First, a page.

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Exercise: Iso-Lateral Snatch

The "Snatch" exercise is considered one of the Olympic Lifts, and activates the entire muscle system. In this 1-Arm version of the snatch, the athlete develops a dynamic uni-lateral strength / power profile. The left arm works independently of the right in the transfer of force and power from the legs.

This 1-Arm version of the lift is particularly effective in developing dynamic stability in the shoulder complex. This exercise should only be attempted once the athlete has demonstrated competence and clean mechanics in the Back Squat, Deadlift, and Over-Head Press exercises.

Have you tried this exercise? Share your training experience with us.

Primary Muscle Groups: Gluteus Medius & Maximus, Quadriceps (Vastus Lateralis, Rectus Femoris, Vastus Medialis and Vastus Intermedialis), Hamstrings (Biceps Femoris, Semimembranosus & Semitendinosus), Erector Spinae, Adductor Musculature and Abdomen. Deltoids (Anterior, Medial, Posterior), Supra- and Infraspinatus, Teres Major, Rhomboids,Trapezius, Serratus Anterior, Triceps, and Core (Abdomen & Back) musculature
Technique Ques: Place the 7ft Olympic bar perpendicular to your body. Make sure that the opposite end of the bar is anchored some how, ensuring that is does not slide on the floor. Assume a semi-squat stance, grab the bar below the weight plate, and explosively extend through the ankles, knees and hips as you lift the bar through the clean pull phase.  As the bar (wrist) comes to shoulder height, allow the shoulder to move through abduction and external rotation as you extend the elbow. Your finishing position should have you in slight hip, knee, and ankle flexion, with your bar holding arm elbow extended at approx 130-140o.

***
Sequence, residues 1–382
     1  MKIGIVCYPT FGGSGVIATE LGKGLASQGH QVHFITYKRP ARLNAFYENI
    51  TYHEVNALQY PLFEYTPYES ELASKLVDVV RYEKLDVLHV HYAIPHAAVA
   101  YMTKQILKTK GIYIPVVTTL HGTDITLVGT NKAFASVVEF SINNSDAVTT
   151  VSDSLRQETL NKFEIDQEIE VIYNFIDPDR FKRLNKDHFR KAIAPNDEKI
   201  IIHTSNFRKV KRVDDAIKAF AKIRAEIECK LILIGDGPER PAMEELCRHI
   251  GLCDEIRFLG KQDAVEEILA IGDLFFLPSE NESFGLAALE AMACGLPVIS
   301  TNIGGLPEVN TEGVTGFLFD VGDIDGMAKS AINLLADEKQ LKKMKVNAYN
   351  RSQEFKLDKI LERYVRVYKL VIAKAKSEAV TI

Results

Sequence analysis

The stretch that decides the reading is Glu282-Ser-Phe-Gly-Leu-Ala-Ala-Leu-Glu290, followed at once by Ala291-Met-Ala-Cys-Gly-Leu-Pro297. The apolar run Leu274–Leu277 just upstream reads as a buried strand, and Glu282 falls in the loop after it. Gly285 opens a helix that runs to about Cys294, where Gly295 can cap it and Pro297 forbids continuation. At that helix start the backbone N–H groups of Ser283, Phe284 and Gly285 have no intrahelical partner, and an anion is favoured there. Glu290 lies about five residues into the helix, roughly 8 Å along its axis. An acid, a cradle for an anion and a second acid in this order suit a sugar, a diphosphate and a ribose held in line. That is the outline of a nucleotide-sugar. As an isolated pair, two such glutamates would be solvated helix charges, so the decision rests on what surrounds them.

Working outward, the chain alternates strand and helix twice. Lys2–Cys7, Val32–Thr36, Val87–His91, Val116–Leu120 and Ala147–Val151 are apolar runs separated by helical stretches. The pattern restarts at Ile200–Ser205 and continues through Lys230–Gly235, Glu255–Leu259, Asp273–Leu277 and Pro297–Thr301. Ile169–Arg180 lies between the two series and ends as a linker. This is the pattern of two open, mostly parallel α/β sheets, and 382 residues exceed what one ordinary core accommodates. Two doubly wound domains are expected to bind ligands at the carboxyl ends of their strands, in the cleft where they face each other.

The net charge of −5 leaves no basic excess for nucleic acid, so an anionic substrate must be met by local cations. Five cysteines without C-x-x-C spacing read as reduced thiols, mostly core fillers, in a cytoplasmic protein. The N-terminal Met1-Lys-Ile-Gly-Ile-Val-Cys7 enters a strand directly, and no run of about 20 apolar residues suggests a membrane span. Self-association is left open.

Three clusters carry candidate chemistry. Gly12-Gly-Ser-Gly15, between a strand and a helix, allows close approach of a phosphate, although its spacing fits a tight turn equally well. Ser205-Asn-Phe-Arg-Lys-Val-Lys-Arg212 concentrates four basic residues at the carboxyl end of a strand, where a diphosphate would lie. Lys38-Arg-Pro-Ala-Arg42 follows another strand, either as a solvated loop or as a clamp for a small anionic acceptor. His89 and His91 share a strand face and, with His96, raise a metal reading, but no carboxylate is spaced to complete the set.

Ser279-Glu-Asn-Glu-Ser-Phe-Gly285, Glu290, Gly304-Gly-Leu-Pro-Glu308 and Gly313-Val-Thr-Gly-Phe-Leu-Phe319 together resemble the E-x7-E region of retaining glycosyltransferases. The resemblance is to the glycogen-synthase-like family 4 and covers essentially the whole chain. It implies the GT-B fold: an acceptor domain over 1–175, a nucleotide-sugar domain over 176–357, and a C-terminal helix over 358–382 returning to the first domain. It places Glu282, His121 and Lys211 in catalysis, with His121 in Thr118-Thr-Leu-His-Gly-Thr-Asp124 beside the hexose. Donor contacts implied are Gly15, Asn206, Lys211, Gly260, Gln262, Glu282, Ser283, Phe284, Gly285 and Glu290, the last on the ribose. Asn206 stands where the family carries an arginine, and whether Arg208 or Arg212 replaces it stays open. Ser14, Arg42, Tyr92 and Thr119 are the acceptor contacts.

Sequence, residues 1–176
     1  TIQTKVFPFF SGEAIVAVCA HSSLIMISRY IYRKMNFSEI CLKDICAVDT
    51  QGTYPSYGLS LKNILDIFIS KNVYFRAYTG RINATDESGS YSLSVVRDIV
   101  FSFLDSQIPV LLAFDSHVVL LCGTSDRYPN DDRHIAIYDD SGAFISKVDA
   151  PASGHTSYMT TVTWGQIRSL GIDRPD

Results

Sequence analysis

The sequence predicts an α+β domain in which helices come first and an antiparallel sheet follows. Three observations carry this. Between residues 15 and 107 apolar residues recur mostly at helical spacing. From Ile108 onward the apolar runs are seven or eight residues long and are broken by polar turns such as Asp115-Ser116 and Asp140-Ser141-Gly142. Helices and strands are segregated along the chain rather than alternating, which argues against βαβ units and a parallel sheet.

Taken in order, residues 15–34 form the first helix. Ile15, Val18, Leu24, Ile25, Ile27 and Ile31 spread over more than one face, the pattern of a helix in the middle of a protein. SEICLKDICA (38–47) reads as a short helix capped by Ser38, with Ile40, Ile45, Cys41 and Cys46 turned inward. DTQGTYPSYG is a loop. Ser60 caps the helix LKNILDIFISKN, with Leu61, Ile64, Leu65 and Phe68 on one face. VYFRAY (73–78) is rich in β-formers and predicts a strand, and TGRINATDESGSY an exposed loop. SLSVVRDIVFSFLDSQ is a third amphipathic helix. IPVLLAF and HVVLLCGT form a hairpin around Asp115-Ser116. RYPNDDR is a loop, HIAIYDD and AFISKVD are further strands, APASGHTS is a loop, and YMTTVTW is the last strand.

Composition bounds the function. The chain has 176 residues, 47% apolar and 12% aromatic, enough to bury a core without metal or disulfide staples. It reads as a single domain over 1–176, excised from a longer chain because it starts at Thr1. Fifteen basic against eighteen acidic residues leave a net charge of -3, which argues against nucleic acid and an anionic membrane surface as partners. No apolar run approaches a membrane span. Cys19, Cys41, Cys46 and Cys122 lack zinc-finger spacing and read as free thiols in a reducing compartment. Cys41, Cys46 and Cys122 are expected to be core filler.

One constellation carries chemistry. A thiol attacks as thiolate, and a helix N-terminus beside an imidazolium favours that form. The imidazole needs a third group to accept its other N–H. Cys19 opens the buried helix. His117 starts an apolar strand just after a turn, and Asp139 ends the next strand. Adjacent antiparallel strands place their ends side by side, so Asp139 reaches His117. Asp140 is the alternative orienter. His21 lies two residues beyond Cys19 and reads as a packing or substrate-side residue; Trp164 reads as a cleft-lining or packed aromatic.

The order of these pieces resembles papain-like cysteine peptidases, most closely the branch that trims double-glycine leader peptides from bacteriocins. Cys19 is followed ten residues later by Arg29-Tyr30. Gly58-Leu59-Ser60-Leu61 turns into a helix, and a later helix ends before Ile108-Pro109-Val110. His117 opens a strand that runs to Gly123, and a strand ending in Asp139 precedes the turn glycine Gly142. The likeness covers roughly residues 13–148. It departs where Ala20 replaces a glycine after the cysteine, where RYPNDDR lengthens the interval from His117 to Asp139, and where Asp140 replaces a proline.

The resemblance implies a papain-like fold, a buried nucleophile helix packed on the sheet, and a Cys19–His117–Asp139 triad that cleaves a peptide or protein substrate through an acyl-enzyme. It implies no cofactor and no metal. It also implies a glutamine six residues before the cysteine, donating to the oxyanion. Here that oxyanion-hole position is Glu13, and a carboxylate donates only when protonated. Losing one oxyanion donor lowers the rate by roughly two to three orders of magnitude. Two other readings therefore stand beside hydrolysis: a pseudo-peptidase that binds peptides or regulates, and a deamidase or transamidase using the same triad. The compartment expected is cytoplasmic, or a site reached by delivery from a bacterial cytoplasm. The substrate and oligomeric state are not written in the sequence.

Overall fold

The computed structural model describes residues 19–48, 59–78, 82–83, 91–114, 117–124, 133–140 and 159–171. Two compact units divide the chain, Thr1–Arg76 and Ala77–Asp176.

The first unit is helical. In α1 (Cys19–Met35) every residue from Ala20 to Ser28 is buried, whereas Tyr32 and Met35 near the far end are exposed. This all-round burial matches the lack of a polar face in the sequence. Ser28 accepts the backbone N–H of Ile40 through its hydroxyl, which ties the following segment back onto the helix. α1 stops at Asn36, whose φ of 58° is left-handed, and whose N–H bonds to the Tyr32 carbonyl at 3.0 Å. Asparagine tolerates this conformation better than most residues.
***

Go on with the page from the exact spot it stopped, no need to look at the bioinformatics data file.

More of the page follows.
Options for Progression: An athlete can progress the difficulty of this exercise by increasing weight, shortening rest durations between sets, increasing or varying the speed of the movement, or increasing the number of sets completed.  Progressions should only be made once correct technique is achieved.

 
 

                          
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This website is not intended to provide medical advice whereby any and all exercise suggestions or recommendations contained within should not be taken as such. Please review the PTSI Privacy Policy and Authorized Use Policy and consult your physican before engaging in any activity described in this website.
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